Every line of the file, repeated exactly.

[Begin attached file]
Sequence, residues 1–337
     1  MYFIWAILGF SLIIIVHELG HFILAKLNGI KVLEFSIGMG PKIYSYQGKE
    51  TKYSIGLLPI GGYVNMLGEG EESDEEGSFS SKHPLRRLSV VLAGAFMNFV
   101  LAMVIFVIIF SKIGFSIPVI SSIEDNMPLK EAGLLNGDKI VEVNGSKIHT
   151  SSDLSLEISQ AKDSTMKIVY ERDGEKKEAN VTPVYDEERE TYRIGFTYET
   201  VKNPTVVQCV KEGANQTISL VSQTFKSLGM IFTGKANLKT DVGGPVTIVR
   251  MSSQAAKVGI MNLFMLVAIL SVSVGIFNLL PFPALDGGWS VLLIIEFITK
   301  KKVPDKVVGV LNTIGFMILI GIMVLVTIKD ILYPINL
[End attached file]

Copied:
Sequence, residues 1–337
     1  MYFIWAILGF SLIIIVHELG HFILAKLNGI KVLEFSIGMG PKIYSYQGKE
    51  TKYSIGLLPI GGYVNMLGEG EESDEEGSFS SKHPLRRLSV VLAGAFMNFV
   101  LAMVIFVIIF SKIGFSIPVI SSIEDNMPLK EAGLLNGDKI VEVNGSKIHT
   151  SSDLSLEISQ AKDSTMKIVY ERDGEKKEAN VTPVYDEERE TYRIGFTYET
   201  VKNPTVVQCV KEGANQTISL VSQTFKSLGM IFTGKANLKT DVGGPVTIVR
   251  MSSQAAKVGI MNLFMLVAIL SVSVGIFNLL PFPALDGGWS VLLIIEFITK
   301  KKVPDKVVGV LNTIGFMILI GIMVLVTIKD ILYPINL